Swimming with Algeria's Fish and Shrimps

Swimming with Algeria's Fish and Shrimps

Swimming with Algeria's Fish and Shrimps

By / Sustainability / Saturday, 21 July 2018 03:40

I was surprised to learn that Algeria is the last country in the world where Lead Petrol can still be sold. All other countries in the world have banned Lead Petrol because of the harmful effect it has on children’s brains. But away from this tragic Lead scenario great things are happening in Algeria. Algeria’s desert to be specific.

A desert can be a very hostile place. I experienced this firsthand a few years ago in the remotest parts of Kenya’s northwestern Turkana region which is mostly arid. I had travelled there to lead a cultural exchange and community empowerment project. All around me as far as the eye could see, was sand, rocks and more sand. How can people live here? I had asked our host Nakuleu, a tall man well over six feet tall.

How can fish live here? Most people who visit fish ponds in Southern Algeria’s localities like Ouargla normally ask themselves. They find plenty of fish swimming merrily in fish ponds that are surrounded by searing hot desert sand. Although eighty percent of Algeria is covered by Sahara Desert, this desert barrier can no longer stop fish from swimming and landing into marketplaces.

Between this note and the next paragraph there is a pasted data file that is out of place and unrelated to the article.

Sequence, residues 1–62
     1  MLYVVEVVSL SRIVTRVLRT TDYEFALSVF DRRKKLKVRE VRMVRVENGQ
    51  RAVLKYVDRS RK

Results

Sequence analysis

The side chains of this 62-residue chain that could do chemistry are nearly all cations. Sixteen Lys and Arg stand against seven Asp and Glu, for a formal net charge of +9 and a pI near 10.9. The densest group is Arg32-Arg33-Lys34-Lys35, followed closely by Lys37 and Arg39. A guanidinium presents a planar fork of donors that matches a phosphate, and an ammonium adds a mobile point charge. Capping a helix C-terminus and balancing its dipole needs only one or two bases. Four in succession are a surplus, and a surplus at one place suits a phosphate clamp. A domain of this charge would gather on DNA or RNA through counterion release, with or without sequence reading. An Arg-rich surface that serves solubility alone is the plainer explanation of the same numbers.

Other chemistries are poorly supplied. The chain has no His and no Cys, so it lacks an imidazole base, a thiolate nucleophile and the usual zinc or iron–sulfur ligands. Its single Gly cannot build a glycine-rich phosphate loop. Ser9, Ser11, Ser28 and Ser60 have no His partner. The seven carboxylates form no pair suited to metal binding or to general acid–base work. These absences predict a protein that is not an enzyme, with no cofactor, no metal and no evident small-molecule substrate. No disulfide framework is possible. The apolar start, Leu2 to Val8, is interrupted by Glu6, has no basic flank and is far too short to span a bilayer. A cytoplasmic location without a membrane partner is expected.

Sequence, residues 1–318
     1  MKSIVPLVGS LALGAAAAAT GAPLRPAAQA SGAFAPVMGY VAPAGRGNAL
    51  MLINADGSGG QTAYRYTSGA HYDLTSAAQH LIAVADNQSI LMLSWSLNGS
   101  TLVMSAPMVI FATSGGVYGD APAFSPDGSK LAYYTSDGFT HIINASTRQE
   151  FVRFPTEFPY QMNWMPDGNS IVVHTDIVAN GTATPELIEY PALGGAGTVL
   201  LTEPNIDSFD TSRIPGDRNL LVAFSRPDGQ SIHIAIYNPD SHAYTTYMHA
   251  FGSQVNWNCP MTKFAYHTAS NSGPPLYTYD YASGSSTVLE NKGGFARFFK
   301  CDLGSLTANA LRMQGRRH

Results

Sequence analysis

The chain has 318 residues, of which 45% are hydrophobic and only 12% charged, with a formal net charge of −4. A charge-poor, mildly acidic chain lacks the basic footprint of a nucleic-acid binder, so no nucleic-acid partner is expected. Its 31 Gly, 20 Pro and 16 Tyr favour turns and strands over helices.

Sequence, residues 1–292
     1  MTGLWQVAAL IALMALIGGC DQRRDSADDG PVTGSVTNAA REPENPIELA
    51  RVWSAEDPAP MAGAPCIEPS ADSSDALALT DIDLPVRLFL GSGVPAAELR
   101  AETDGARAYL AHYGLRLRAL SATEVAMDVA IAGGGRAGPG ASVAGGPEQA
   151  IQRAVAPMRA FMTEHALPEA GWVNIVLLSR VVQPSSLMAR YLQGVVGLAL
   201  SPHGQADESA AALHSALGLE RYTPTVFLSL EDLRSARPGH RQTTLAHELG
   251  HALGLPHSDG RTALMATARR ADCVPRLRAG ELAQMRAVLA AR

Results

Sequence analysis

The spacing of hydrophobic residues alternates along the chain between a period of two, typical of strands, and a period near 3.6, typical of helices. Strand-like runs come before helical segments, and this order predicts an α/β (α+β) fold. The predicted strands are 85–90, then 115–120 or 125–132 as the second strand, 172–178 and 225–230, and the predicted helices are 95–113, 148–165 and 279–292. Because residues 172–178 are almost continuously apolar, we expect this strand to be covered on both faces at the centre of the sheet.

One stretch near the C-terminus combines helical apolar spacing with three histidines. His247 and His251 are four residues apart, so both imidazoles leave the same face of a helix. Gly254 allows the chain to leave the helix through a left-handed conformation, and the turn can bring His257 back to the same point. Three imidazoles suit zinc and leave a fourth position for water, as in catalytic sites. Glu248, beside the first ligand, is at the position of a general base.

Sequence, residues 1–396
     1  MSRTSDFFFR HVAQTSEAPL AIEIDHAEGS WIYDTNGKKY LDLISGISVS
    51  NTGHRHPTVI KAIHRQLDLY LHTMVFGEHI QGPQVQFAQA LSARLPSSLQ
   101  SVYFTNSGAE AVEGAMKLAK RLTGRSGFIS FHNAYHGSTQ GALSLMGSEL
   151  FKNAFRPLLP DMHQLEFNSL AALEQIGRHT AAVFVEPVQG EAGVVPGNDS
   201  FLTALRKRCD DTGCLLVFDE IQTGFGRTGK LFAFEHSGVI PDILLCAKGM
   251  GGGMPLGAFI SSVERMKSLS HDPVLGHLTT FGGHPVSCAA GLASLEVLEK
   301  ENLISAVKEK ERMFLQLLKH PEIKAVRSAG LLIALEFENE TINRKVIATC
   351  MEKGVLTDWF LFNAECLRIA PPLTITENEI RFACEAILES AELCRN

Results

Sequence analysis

These fish ponds have been blossoming since 2008 when the Algerian government supported their establishment. The Government is now very keen on ensuring that through desert aquaculture, annual fish production doubles by 2022 to 200,000 metric tonnes.

In 2016, Algeria harvested its first ever desert shrimps further proving that the desert was more than sand and camels. It could also be a place teeming with fish and shrimp that could earn millions for local fish farmers.

Algeria’s desert aquaculture is particularly vital given the fact that although the country is blessed with 800 miles of a Mediterranean coastline, fish production from the sea is dwindling. Considering that Algeria’s population is expected to hit the fifty-million mark by 2030, food demand will undoubtedly increase.  

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DJ Bwakali

DJ Bwakali

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